You may have noticed a new kind of cookie in the aisles lately — limited-edition Watermelon Oreos , to coincide with Summer. The fruity taste is hardly the first time a classic food product has introduced a brand-new (usually offbeat) flavor. Here, we've rounded up six instances that will go down in food history. Some flavors have been hits, many have been flops, but all are memorable in their own right.
Believe it or not, congealed salads became a huge hit in the early 1900s, so much so that by the 1950s, Jell-O responded with flavors like celery and seasoned tomato. Jiggly veggies, anyone?
Soda in the a.m.? Why not? In the 1990s, Pepsi test marketed a coffee-flavored line called Kona to drinkers on the East Coast. The drink never made it out West.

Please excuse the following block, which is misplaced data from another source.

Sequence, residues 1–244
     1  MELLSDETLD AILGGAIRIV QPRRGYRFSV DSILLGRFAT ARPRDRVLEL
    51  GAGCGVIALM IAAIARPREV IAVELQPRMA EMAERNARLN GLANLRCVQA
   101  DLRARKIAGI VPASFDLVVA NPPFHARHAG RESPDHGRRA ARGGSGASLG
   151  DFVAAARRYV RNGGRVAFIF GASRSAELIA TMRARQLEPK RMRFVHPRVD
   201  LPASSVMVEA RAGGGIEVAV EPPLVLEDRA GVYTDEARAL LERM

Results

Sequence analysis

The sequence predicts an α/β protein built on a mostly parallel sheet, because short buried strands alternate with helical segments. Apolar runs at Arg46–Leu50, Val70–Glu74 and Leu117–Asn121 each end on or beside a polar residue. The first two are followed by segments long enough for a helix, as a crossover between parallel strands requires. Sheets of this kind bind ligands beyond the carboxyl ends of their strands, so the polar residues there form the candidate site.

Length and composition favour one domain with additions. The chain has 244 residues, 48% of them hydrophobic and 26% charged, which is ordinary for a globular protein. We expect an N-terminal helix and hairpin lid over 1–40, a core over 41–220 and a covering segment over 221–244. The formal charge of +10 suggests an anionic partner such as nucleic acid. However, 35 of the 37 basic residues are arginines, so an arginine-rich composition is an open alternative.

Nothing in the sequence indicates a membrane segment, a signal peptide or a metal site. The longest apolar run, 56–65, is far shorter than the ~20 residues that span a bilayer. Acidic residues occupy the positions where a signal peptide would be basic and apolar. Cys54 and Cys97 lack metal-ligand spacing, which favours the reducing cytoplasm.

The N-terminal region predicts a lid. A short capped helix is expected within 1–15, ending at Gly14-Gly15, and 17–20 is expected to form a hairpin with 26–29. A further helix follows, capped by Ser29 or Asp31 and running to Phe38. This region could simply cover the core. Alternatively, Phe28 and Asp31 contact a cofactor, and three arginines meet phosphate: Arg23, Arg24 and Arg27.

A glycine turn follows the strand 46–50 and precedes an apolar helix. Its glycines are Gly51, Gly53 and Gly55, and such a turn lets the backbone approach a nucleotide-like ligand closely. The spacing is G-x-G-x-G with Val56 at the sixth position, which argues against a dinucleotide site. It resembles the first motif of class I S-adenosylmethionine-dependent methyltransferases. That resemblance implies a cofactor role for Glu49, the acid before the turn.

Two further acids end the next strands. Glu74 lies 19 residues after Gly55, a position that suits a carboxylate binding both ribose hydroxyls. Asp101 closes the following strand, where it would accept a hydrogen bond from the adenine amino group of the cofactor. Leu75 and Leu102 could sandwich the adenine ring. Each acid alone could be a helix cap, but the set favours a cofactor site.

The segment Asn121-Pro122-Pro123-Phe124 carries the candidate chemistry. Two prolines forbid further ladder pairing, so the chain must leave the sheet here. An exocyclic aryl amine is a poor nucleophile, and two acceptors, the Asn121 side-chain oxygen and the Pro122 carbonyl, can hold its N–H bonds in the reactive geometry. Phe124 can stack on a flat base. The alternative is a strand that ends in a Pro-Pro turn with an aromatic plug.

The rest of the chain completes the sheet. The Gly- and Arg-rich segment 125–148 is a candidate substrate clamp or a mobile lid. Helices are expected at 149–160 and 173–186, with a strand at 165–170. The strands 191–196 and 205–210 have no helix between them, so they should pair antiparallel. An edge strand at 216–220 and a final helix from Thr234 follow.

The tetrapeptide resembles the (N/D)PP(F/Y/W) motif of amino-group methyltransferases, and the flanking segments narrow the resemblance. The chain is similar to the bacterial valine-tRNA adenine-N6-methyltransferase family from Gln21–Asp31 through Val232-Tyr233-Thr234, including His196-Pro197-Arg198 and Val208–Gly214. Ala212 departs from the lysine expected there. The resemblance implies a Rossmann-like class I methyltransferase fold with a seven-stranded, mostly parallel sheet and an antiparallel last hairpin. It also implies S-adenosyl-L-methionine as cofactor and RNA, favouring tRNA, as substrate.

Heinz Colored Ketchup
OK, it wasn't exactly a new flavor, but in 2000, Heinz doled out blue, green, and purple ketchup for kids and adults alike to squirt on burgers and hot dogs. It was actually popular, but was discontinued in 2006.
Jimmy Dean Chocolate Chip Pancakes & Sausage on a Stick
Jimmy Dean should've just stuck to its classic breakfast sausages. Instead, the company rolled out sausage links wrapped with chocolate chip pancakes on a stick in 2006. Needless to say, the product combo didn't last very long.
Just last month, Oreo launched a limited-edition watermelon flavor sold at Target stores only. It's meant to be a timely, fun flavor for Summer, and it's not the first time Oreo's released a nontraditional kind. Anyone remember the candy corn  and birthday cake flavors?
Lay's Chicken and Waffles Chips
Count Lay's chicken and waffle chips as another unique flavor that recently entered the market. The chips, inspired by the Southern brunch staple, have received mixed reviews  — our tasters thought it tasted more like waffle than chicken — but its shelf life is yet to be determined.
Tell us: what's the most viable-sounding product of the bunch?